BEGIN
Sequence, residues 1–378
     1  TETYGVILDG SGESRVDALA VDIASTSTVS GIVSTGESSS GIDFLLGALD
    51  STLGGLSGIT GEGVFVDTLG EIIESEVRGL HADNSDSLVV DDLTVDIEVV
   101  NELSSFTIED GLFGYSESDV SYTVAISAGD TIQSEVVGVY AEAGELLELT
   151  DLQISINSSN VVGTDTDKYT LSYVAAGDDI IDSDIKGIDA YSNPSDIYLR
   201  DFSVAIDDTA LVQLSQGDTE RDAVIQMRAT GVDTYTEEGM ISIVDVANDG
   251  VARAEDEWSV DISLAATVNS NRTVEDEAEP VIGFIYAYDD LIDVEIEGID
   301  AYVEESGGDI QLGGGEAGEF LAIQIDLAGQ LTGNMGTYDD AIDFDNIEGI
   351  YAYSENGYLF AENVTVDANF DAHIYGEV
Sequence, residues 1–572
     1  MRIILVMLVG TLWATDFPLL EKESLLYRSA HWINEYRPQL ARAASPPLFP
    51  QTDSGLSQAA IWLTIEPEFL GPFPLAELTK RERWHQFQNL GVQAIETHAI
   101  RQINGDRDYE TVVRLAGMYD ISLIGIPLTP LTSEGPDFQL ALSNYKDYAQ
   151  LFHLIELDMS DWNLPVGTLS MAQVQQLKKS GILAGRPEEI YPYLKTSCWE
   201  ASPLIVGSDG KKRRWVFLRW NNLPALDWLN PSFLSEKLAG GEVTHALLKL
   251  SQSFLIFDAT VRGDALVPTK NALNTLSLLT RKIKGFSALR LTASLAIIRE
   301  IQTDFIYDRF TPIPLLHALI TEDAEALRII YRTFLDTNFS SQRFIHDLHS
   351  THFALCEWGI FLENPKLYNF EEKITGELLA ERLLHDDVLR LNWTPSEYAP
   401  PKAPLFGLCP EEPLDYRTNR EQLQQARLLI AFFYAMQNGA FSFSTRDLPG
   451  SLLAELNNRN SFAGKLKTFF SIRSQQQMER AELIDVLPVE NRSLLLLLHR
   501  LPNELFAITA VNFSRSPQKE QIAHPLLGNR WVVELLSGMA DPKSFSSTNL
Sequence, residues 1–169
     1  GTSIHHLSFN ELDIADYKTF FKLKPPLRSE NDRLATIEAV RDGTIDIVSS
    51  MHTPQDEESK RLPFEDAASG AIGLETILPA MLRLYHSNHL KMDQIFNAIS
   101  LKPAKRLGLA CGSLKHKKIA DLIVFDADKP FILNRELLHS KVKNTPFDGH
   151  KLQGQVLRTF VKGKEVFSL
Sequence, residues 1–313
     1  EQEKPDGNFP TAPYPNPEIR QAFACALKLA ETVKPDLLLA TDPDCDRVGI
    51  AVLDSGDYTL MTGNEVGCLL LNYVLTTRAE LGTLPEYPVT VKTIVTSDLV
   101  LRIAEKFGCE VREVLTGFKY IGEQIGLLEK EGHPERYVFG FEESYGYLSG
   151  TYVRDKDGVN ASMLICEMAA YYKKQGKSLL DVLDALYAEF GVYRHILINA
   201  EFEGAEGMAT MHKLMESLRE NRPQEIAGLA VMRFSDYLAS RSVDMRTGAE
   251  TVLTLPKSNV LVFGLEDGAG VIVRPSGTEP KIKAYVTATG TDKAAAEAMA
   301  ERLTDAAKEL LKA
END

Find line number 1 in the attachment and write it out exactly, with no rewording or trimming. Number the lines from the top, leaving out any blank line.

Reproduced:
Sequence, residues 1–378